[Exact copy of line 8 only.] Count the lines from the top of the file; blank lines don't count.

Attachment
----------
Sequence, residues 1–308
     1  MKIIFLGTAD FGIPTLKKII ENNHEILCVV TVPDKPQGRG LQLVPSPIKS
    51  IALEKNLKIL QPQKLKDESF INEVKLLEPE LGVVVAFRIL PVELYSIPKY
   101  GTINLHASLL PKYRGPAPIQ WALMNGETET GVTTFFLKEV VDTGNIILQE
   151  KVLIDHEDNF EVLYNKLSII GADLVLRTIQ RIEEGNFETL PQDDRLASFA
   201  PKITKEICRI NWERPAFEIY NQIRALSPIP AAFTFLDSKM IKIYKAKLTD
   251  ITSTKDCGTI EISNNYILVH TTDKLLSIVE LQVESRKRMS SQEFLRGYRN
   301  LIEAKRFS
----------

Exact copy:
   301  LIEAKRFS